Directed By Brian Lynch
Starring – Patton Oswalt, Kevin Hart, Harrison Ford
The Plot – Max (Oswalt) faces some major changes after his owner Katie (Ellie Kemper) gets married and now has a child . On a family trip to the countryside, Max meets a farm dog named Rooster (Ford), and both attempt to overcome his fears. Meanwhile, Gidget (Jenny Slate) tries to rescue Max’s favorite toy from a cat-packed apartment, and Snowball (Hart) sets on a mission to free a white tiger named Hu from a circus.
Rated PG for some action and rude humor
– Improvements on all things animation. Illumination Studios has always been a distant third in detailed animation, but thanks to the tightening of illustrations that fills this film, arguably the very best artistic film that the studio has ever produced, they can start to bridge the gap of their opposition. It isn’t just one thing but rather a barrage, as the believability behind stormy weather patterns is beautifully rendered, the expressions of animals during the most extreme occasions adds more to the comedic relief, and even the 3D effects give an immersive quality to everything flowing in frame that warrants paying a little extra to see this film. With time, this studio will hopefully continue this trend, and offer so much more than colorfully vibrant backgrounds against a city skyline that offers plenty of familiar geography to place this story accordingly.
– Talented cast. Oswalt is a more-than enthusiastic fill-in for Louie C.K, but it’s really the work of Slate and Hart who take center stage in incorporating intensity to their often familiar vocal tones. As Gidget, Slate is a force to be reckoned with, juggling an infatuation for Max all the while proving to the audience the extent of her cunning intellect. As to where the first film showed off Slate as a lover, this one cements her as a fighter, and her emoting of Gidget is my very favorite of this entire franchise. Hart should stick with animated properties for a while, because the combination of eccentric deliveries and polar opposite vocal capacity in comparison to that of his furry rendering, makes him perfect for voice range capabilities, and the focus and attention given to his character practically begs for a Snowball spin-off that feels just around the corner. New additions are those from Tiffany Haddish, Dana Carvey, and a wise, weathered dog leader voiced by none other than Han Solo himself, Harrison Ford. It rounds off arguably the brightest ensemble of comedic actors in quite some time, and prove that their talents serve a much bigger purpose than just physical humor in sight gags.
– Fluffy run time. This one clocks in at a measly 77 minutes, and with sharing time between three respective story arcs does so in a way that keeps the eagerness and intensity of the storytelling firmly in grip with regards to a youthful audience that sometimes slip away during slow periods of exposition. While this does create some problems for the fluidity of the transitions, which I will get to later, the confidence donated to each vital character receiving their own conflicts in the story gives the movie a three-movie-for-one quality within its pages that practically forces movement in the casual three act structure that can sometimes omit itself invisible in family genre cinema. There was never a time when I was bored or antsy watching this movie, and much credit goes to the producers of the film for knowing just how far to stretch each story before it becomes something in depth that it rightfully shouldn’t.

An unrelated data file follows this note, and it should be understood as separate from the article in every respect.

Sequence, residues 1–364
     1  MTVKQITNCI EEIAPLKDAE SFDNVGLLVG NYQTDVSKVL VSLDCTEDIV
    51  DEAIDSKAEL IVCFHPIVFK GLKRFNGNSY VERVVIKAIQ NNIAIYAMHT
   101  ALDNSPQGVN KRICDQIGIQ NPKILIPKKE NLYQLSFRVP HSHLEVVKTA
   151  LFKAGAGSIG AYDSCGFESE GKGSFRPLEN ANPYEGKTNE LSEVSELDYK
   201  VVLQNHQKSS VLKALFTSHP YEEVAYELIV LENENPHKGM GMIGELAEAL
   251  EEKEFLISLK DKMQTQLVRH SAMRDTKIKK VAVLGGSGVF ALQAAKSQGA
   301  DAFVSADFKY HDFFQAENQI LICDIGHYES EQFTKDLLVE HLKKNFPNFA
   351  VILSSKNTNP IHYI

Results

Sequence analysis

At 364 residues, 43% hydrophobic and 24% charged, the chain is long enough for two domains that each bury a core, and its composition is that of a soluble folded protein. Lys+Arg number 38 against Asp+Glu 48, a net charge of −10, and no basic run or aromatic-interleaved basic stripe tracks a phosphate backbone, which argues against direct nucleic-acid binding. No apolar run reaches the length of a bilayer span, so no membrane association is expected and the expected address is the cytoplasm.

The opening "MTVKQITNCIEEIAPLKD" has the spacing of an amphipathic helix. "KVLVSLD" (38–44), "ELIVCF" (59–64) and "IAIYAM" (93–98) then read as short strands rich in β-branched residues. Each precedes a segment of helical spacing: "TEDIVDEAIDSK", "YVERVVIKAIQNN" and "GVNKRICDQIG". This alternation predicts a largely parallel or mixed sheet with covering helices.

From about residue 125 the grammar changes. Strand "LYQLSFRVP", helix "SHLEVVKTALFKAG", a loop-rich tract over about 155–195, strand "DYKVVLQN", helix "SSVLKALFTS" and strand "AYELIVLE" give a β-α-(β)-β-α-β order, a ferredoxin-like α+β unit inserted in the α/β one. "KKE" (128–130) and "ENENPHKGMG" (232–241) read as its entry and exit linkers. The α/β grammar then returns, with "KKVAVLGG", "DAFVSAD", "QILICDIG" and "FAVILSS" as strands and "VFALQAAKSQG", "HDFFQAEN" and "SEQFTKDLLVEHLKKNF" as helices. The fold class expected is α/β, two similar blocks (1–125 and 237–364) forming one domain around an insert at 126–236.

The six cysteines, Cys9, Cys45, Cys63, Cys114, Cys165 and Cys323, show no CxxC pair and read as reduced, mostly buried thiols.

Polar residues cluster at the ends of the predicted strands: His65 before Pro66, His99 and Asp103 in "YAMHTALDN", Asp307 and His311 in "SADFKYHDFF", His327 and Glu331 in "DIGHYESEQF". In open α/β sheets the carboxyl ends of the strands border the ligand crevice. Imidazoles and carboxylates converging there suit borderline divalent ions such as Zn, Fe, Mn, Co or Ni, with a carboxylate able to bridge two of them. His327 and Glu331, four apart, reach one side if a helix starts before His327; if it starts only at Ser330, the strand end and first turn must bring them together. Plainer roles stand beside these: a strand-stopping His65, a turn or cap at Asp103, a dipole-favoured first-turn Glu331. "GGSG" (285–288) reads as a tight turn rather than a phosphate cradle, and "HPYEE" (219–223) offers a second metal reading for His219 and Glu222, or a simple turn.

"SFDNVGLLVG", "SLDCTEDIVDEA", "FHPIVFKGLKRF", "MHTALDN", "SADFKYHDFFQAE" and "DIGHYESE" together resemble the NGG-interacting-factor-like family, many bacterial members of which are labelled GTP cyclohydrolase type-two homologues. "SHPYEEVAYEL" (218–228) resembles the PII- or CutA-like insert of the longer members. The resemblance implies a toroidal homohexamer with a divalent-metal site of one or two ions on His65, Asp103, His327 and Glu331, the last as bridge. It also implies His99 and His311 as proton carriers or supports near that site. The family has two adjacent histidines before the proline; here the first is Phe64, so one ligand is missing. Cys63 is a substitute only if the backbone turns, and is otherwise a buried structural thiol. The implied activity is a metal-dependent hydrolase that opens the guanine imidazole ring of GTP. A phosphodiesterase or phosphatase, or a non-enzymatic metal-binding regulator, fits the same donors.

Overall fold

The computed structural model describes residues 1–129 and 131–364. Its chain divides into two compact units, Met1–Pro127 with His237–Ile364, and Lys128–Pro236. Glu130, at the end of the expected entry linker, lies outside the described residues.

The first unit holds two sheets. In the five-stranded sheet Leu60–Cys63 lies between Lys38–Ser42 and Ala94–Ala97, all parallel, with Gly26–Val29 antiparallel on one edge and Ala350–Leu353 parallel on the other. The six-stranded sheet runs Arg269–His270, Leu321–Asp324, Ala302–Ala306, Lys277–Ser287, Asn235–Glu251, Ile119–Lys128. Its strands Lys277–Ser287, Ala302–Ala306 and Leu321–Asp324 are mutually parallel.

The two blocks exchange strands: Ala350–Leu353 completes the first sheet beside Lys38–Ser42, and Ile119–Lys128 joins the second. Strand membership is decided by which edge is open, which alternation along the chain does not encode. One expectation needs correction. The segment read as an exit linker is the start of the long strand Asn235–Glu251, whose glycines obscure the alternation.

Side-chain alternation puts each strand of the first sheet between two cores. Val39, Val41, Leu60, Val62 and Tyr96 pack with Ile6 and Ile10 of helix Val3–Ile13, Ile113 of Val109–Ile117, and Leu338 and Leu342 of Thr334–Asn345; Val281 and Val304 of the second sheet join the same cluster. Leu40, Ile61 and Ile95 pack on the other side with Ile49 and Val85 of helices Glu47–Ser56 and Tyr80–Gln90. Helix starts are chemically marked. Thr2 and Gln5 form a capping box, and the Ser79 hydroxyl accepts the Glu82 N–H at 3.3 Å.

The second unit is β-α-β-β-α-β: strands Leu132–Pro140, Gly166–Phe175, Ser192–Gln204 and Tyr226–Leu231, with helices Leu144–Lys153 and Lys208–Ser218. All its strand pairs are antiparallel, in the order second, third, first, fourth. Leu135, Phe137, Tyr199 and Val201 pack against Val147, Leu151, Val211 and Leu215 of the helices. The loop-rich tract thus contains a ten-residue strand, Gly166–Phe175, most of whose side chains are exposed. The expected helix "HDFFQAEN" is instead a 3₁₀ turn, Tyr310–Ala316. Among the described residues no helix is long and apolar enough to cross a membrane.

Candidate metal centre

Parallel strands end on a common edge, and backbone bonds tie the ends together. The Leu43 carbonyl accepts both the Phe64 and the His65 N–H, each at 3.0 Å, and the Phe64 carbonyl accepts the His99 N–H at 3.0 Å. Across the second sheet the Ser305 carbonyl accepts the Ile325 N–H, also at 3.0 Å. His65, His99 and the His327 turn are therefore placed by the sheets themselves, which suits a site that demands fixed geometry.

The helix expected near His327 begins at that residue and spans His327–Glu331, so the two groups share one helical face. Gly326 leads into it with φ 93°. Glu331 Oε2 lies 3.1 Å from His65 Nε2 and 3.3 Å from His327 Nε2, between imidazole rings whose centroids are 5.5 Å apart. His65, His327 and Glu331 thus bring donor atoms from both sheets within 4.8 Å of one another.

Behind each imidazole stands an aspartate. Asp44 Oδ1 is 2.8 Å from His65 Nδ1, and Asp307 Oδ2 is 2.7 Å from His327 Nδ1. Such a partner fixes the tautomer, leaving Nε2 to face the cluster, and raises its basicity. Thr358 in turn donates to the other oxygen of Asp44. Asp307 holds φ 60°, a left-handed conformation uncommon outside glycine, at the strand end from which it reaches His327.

– Intelligence in gags. I said this about the first film, and it’s something that continues in this movie. The way the film takes real moments of familiarity from the pets in our own lives, and adds a layer of profound poignancy to each situation is something that not only reaches for audience participation, but also does so in a way that will have you intentionally remembering the occasions from this movie once you go home. This gives the film and its material a consistency in shelf life that many films in modern day don’t attain, and speaks volumes to the levels of attention that screenwriters Chris Renaud and Jonathan Del Val engage in to contrast with their audience’s. In that respect, the material itself feels very much fleshed out from real life, and performed in an exaggerated way that works because of its small amounts of truth that derive from these very humorously humbling moments of love from our best friends.
– Pre-credits rap video. I won’t give away much here, but Kevin Hart’s dream to be a rapper comes full circle in a spoof of a familiar rap track from the previous couple years that is given new context thanks to the world surrounding his character. Not since 2006’s “Waiting…” has a post-movie performance left such a lasting impression on me, and the work of creativity in rhymes combined with the sheer lunacy of the situation in mid-day form, makes this moment the one that stands out the most for me in terms of comic lasting power, and non-surprisingly gives the original track, which I hated tremendously, a new lease on life. If this song was heard on the radio even half as much as that original song, then I would be fine with it.